Within Asia, there were fewer opportunities for growth in contrast to the 2014 season. The markets of China and India grew in local currency but not to the sort of levels as seen in the past, somewhat analogous to the developments in GDP. The Japanese market fell 2% in local currency. These three main Asian markets, however, all effectively saw declines when translated to U.S. dollars, significantly so in the case of Japan. In China, which is increasingly transforming into a mature market, agriculture is in the middle of a period of structural change. Modernization of the sector – emphasized by an accelerated speed of land transfer and crackdown on “excess-toxicity” has in part contributed to a transient market slowdown. In the near future, however, the modernization of Chinese agriculture is set to spur the demand for high-quality farming inputs.
Of the EU 28 markets, Italy did better than most at close to 4% growth in euro terms. Germany saw slight improvement whereas France declined by just over 1%, further narrowing the gap between these two leading EU country markets. When translated to U.S. dollars, however, all euro markets saw double-digit declines as was the case for the sterling-based UK market.
Within the North American region, the U.S. market fell for the first time in a number of years, and whilst the Canadian market was essentially flat in local currency, the region as a whole fell close to 5% in US$ terms.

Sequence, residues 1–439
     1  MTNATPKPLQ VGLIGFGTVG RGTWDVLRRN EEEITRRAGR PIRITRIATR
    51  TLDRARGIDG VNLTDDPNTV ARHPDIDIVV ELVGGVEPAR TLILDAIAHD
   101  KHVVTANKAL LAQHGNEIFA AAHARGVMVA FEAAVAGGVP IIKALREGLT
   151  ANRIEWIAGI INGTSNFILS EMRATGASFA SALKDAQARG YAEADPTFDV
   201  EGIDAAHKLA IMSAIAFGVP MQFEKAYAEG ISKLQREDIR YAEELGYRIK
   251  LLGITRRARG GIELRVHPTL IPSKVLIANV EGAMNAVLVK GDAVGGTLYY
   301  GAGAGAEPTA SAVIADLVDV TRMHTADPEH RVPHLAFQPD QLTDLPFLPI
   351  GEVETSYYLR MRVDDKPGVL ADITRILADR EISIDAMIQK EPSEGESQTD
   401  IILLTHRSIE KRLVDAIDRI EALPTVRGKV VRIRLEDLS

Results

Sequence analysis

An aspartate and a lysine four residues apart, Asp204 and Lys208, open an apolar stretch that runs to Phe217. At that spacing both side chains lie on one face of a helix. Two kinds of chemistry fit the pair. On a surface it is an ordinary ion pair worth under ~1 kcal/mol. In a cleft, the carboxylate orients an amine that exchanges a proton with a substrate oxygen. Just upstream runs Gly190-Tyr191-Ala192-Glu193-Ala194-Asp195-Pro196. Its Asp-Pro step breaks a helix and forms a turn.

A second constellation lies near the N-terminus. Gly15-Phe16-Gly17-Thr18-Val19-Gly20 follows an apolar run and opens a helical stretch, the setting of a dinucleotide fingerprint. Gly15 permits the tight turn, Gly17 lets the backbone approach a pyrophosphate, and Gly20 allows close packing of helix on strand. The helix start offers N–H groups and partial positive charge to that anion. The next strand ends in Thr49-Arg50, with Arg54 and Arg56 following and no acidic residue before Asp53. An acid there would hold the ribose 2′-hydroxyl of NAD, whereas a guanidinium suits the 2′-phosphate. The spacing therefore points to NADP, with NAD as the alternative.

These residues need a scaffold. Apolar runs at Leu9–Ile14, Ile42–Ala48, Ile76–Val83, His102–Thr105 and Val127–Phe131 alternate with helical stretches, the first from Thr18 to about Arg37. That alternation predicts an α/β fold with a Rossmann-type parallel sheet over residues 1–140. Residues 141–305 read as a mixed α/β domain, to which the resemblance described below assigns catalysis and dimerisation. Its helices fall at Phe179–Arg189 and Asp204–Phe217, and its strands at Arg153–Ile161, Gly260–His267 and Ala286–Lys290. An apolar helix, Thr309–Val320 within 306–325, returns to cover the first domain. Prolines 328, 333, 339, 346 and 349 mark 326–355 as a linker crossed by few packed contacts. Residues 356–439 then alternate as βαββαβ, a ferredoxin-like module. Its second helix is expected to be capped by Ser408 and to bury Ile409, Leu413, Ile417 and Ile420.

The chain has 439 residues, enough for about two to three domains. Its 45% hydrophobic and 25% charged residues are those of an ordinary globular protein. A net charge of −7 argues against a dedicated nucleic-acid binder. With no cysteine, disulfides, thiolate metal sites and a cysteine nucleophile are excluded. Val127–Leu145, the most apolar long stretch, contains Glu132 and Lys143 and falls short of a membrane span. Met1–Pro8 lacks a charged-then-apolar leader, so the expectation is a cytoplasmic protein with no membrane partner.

The African & Middle East region continues to be an area with vast potential and under-reported sales at the retail level. Turkey conversely saw significant improvement even when expressed in U.S. dollars. South Africa remains a robust market especially for higher value products but suffered a downturn in 2015 as compared to 2014. For many of the other African markets, however, where registration requirements are less robust, low-value products continue to dominate to the overall benefit of the generic producers. The Middle East remains dominated by political instability although there are positive signs in some markets. None more so than Iran, a market that essentially was off the radar is suddenly becoming a focus for some of the multinationals.
Kleffmann’s amis®AgriGlobe database of farmer surveys and product use information drives much of the company’s top-level analysis. Now in its third year and hosted on the company’s software platform Kleffmann4you, the database segments product use by geography, crop types, active ingredients and seed varieties.
Visit with Drs. Bob Kleffmann and Nomman Ahmed at the AgriBusiness Global Trade Summit Aug. 17-19 in Orlando, Florida, U.S, as Fairclough delivers a “Global Crop Protection Market Trends” on the morning of Aug. 18.